Advanced countries are competing to attract the world’s best entrepreneurs — the US should too.
by Eric Ries
Entrepreneurship is one of the most significant contributors to a nation’s prosperity . In an increasingly globalized economy, many of the advanced nations in the world are racing to attract the brightest entrepreneurial minds, regardless of their country of origin. The startups created by these highly skilled immigrants will generate most of the jobs and wealth in these countries in the future . This is a race we cannot afford to ignore.
The case of the United Kingdom provides a good example of such a program. Launched last year, the tier 1 “Entrepreneur Visa” category  allows entrepreneurs to enter the country to create new startups. The eligibility criterion for this visa is based on the point system used by the UK to evaluate new immigrant applications. In addition to traditional attributes, such as language proficiency and educational qualifications, applicants are awarded points for access to capital (above £200,000) and for adhering to appropriate financial regulations. While the initial program allows entrepreneurs to stay for 2 years, it is subject to a review whereupon the applicant may be eligible to be granted immediate permanent residency.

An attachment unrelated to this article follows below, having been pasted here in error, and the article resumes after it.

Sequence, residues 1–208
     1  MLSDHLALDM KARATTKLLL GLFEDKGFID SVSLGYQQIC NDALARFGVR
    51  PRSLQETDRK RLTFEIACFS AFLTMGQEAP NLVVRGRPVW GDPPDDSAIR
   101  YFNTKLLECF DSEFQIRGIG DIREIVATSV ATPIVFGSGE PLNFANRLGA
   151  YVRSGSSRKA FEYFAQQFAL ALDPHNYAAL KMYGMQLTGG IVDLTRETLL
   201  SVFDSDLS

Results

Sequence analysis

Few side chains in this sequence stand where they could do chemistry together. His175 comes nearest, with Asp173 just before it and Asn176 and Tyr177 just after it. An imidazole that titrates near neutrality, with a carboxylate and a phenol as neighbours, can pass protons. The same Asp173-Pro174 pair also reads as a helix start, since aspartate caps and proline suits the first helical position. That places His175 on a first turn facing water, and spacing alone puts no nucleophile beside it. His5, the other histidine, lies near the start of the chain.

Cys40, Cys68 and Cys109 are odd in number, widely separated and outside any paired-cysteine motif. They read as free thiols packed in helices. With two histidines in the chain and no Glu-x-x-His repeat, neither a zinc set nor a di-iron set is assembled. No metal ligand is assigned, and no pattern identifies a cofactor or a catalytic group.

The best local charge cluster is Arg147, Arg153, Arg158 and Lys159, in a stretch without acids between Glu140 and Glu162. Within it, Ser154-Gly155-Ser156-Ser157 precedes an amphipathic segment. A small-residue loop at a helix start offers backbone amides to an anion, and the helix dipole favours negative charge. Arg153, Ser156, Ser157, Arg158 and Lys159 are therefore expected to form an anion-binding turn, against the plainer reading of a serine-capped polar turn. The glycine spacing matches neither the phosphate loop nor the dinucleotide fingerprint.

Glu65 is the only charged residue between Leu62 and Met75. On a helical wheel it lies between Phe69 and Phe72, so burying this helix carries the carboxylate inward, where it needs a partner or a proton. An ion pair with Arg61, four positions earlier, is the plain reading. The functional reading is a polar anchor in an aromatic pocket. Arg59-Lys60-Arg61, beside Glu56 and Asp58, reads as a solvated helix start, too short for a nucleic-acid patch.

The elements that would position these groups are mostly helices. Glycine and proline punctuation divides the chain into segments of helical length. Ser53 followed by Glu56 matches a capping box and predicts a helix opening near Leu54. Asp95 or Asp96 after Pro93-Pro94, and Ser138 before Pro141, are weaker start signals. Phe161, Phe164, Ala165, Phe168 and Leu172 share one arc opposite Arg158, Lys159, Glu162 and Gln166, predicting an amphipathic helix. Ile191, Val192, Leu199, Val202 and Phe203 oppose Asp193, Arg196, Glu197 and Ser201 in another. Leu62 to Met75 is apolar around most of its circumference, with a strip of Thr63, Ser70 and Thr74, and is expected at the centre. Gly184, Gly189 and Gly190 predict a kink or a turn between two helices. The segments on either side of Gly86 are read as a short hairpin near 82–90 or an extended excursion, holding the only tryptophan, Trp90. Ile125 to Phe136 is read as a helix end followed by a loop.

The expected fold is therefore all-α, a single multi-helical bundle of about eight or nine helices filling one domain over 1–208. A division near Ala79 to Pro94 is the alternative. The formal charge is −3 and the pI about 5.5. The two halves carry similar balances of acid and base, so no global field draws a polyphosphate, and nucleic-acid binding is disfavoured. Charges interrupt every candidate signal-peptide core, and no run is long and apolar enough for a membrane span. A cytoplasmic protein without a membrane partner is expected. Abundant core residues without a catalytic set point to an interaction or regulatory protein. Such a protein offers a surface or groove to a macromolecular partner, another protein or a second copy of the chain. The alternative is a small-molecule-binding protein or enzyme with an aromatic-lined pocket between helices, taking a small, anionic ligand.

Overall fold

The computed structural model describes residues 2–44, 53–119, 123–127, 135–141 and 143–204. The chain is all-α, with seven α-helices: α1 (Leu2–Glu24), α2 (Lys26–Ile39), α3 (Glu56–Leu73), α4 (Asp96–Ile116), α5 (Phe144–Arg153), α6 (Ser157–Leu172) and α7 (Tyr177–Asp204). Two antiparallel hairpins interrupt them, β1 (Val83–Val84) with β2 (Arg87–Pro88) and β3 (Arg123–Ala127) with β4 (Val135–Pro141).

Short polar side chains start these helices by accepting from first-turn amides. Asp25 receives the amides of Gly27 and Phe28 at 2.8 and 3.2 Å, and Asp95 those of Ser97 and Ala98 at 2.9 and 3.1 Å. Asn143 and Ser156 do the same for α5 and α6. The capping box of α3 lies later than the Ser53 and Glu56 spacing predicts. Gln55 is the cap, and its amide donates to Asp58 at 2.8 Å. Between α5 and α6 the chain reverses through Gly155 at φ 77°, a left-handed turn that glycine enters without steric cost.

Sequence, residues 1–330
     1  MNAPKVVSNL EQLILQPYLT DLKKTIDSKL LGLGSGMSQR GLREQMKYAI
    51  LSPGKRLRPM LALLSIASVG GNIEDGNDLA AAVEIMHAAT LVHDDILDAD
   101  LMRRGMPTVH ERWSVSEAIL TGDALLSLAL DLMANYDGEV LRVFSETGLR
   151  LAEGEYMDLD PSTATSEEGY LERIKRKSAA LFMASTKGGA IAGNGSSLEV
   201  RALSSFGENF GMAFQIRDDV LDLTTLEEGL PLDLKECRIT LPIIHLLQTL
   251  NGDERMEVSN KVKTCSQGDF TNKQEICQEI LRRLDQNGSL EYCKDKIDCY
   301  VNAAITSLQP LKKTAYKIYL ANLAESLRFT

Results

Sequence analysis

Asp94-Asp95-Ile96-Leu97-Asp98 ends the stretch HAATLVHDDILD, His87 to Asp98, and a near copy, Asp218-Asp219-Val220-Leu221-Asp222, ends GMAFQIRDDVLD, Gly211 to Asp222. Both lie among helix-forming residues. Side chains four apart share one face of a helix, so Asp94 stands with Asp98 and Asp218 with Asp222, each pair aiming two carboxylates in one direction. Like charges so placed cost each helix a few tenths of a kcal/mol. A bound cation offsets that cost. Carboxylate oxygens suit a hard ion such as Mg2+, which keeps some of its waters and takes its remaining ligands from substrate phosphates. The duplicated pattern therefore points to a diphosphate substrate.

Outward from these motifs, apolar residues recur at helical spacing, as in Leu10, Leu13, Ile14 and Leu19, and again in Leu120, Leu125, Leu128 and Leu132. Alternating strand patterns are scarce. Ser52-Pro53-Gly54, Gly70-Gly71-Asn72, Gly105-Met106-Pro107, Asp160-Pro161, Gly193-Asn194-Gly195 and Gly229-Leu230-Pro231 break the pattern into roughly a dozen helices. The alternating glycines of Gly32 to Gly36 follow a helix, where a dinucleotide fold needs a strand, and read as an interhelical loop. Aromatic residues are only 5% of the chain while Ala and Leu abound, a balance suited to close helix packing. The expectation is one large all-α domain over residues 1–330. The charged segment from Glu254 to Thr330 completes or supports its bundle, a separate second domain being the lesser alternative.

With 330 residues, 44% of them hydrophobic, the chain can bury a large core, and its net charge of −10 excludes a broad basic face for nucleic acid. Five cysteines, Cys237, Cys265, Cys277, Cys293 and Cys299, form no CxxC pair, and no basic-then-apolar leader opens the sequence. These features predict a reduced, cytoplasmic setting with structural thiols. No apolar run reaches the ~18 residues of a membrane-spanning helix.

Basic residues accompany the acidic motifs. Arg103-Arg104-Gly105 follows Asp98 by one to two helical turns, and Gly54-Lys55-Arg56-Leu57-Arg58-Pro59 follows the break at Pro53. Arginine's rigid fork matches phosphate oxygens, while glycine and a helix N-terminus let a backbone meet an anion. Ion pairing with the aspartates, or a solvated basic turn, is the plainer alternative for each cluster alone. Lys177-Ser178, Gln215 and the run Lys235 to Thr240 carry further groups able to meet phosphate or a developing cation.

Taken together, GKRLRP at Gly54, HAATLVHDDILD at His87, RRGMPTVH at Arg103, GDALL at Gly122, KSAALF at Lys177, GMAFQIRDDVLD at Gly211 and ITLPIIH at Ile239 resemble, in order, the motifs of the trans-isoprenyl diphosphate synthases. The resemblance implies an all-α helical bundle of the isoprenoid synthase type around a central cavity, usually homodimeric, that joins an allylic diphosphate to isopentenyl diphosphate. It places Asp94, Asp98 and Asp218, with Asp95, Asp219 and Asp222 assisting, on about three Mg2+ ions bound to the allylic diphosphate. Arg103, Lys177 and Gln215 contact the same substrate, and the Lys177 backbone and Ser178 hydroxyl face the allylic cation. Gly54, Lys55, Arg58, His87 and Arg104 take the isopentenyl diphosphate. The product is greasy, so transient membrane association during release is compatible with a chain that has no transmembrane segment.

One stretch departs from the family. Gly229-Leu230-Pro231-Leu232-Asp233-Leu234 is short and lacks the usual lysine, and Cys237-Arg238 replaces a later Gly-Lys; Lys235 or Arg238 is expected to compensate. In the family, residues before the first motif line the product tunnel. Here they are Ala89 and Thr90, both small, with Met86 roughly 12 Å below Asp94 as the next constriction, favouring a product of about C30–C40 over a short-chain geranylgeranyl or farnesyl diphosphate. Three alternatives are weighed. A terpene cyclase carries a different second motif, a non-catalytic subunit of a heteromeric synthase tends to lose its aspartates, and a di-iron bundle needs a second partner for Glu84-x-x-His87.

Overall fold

Several other advanced countries have very similar programs. Canada requires users to demonstrate access to $300,000 CDN of capital, and to create at least one full-time job as a result of their startup . Australia, Germany and New Zealand have similar categories to encourage entrepreneurs to start businesses in their country. While several of these programs are relatively new and therefore there is a lack of data to demonstrate efficacy, the impact of startups on generating new jobs in an economy has been proved repeatedly .
The United States has a similar program – the EB5 visa category, which allows immigrants to invest $1 million or more and generate ten jobs as part of that investment . However, that category is limited to investors, and not the entrepreneurs who are going to drive that value creation. The impact of this visa category could be dramatically increased if we focus on the entrepreneur who creates the business, as opposed to focusing solely on the investor holding capital. Small changes can dramatically increase the efficacy of this program and increase our economic competitiveness in the future.
 UK Border Agency. Entrepreneur Visas.(accessed 10 16, 2009).
 Citizenship and Immigration Services, Canada. Entrepreneurs and Investors. 03 31, 2007. (accessed 10 16, 2009).
 Ewing Marion Kauffman Foundation. Business Dynamic Statistics. 2009. (accessed 10 16, 2009).
 USCIS. Employment-based Immigrant EB-5. USCIS. (accessed 10 16, 2009).
 Wadhwa, Vivek. “America’s Immigrant Brain Drain.” BusinessWeek. March 5, 2009. (accessed October 12, 2009).
 Wadhwa, Vivek, AnnaLee Saxenian, Ben Rissing, and Gary Gereffi. ” Skilled Immigration and Economic Growth.” Applied Research in Economic Development 5, no. 1 (May 2008): 6-14.
 Wadhwa, Vivek, AnnaLee Saxenian, Richard Freeman, and Salkever Alex. Losing the World’s Best and Brightest. Research Report, Ewing Marrion Kauffman Foundation, Ewing Marrion Kauffman Foundation, 2009.